Jerry Kopel

Funeral Bill 2008


Jan. 14, 2008

By Jerry Kopel

Imagine a diamond-shaped traffic sign. Only it's blank.

At the top point is Gov . Bill Ritter, who will make the final decision. At the bottom point is the Colorado Funeral Directors Association, whose Sunrise application seeks licensing of funeral directors, embalmers, cremationists, and mortuary science practitioners. Interns would be certified.

The applicant would also like to have licensing "for any business that provides goods or services for the public" and all "funeral establishments."

What is not mentioned is that if they were successful, Colorado would have more licensing in this area of occupation than any other state or territory.

Standing at the left point on the sign is Rep. Debbie Stafford (D), heroine of the morticians, whose most recent regulatory bill on funerals in 2007 would have only licensed mortuary science practitioners, who happen to be persons skilled in all the other occupations: funeral directors, embalmers, and cremationists.

At the right point on the sign is Rico Munn, Ritter's appointee and director of the Dept. of Regulatory Agencies (DORA) whose research report on the Funeral Directors application, gave in for registration of one person at each funeral home, after DORA's quarter century decisions of no licensing or certification or registration.

DORA states "it is clear that consumers are not utilizing the existing laws to seek redress from funeral service practitioners who have violated the law". Colorado's mortuary science code, CRS 12-54-101, et seq., is one of the most strict consumer protection codes in the United States.

In addition, there are other protections provided by the Federal Trade Commission, the Occupational Safety and Health Administration, the Environmental Protection Agency, and the Americans With Disabilities Act.

DORA continues: "It is unclear whether the consumers failed to realize that existing laws are available to serve as protection to the public, or the alleged violations are too emotionally painful to pursue via the court system."

DORA recommends that its Division of Registrations "be directed to implement a registration requirement for a designated funeral director at each establishment.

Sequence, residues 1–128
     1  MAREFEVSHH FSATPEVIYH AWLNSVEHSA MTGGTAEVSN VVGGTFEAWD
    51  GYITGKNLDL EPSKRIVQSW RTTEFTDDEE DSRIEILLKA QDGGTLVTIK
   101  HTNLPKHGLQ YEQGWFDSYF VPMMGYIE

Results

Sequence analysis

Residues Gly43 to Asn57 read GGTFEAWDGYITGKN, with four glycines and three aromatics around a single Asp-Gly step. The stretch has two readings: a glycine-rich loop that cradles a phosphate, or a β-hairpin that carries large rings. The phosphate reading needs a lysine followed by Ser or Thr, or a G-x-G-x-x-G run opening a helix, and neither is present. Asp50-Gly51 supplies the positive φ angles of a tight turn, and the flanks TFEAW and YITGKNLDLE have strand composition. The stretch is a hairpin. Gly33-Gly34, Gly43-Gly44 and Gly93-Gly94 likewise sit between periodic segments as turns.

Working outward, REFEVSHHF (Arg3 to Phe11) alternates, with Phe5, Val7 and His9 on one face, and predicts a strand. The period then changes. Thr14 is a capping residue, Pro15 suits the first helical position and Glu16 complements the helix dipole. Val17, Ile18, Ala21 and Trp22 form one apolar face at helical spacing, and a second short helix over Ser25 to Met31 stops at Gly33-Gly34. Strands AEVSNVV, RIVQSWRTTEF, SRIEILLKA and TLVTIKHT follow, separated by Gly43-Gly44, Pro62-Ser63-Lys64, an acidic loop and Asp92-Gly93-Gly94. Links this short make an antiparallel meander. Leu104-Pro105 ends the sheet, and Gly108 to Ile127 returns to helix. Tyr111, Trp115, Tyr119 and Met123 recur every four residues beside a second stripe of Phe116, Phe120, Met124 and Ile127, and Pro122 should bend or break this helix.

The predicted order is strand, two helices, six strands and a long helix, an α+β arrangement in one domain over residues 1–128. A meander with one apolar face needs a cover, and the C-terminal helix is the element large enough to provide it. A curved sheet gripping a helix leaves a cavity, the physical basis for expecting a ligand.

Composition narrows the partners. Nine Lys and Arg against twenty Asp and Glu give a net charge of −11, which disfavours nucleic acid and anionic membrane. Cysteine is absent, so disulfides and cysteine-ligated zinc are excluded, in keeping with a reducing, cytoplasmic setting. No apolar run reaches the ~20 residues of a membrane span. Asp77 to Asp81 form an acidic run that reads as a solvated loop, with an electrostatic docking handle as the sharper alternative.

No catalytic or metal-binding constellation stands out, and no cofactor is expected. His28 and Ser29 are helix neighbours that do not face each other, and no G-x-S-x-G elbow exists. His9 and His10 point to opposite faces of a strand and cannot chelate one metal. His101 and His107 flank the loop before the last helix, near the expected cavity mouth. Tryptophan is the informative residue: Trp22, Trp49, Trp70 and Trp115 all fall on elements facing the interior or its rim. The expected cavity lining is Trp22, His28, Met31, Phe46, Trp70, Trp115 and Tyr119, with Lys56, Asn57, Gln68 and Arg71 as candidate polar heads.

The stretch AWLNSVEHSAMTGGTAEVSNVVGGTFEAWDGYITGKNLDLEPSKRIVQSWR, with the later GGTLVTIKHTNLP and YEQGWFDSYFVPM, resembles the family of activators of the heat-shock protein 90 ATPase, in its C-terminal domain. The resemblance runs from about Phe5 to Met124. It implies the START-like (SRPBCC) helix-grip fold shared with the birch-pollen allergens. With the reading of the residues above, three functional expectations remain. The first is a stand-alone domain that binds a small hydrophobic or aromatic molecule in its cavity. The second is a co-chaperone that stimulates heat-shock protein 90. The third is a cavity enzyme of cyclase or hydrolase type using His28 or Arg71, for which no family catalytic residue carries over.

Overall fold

The person "would be ultimately responsible for the establishment and its employees adhering to the existing funeral service laws. If a complaint of a violation of existing statutes is received, the division should have the authority to investigate the alleged violation and, if necessary, initiate formal disciplinary action, including ... fines, against the registered Funeral Director."

In addition, DORA wants funeral homes to provide how to go about contacting the Division to present a formal complaint.

Based on an extrapolation of data in the report, it appears Colorado presently has about 1,150 persons involved in funeral services, who would be licensed under the proposed law. According to the presenters of the Sunrise application, on page 7 "practitioners who have had difficulties in other states have relocated in Colorado", and "thereby rendering consumers susceptible to harm by unregulated funeral service practitioners".

In the past quarter century, proponents of licensing have consistently hammered us with this allegation, which is a typical smear approach. Disciplinary actions are generally public records in most states. Who are these law breakers and why hasn't the Sunrise application sponsors identified them?

The Sunrise law differs from the Sunset law. Under Sunset, DORA presents the recommendations to a standing committee which adopts all or some of the suggestions to make up a bill, and the committee chairman appoints the chief sponsor.

Under Sunrise, the applicant chooses a legislator to carry the measure, and the sponsor determines what language to put in the bill, or leaves that up to the applicant. It really doesn't matter how the language starts out. What matters is the language presented at the end to the governor. Will the governor stick with the modest recommendations of his DORA director?

Why the consistent push for licensing? I think the real reason is "ego." Imagine yourself from Colorado at a national gathering of funeral people, most of them licensed professionals. You tell them you are from Colorado, and they "sniff" and say "good luck" and walk away.

We don't license in Colorado to sooth egos. As DORA points out "the evidence presented in this Sunrise review did not identify issues of incompetent professionals working in the funeral service industry. Instead the evidence, specifically the examples of harm provided, exposed several instances where funeral service practitioners violated existing laws."

How may times have you heard: "If it isn't broke, don't fix it" to which I would add, "if its a scratch on the car door, add a little paint."

(Jerry Kopel served 22 years in the Colorado House.)

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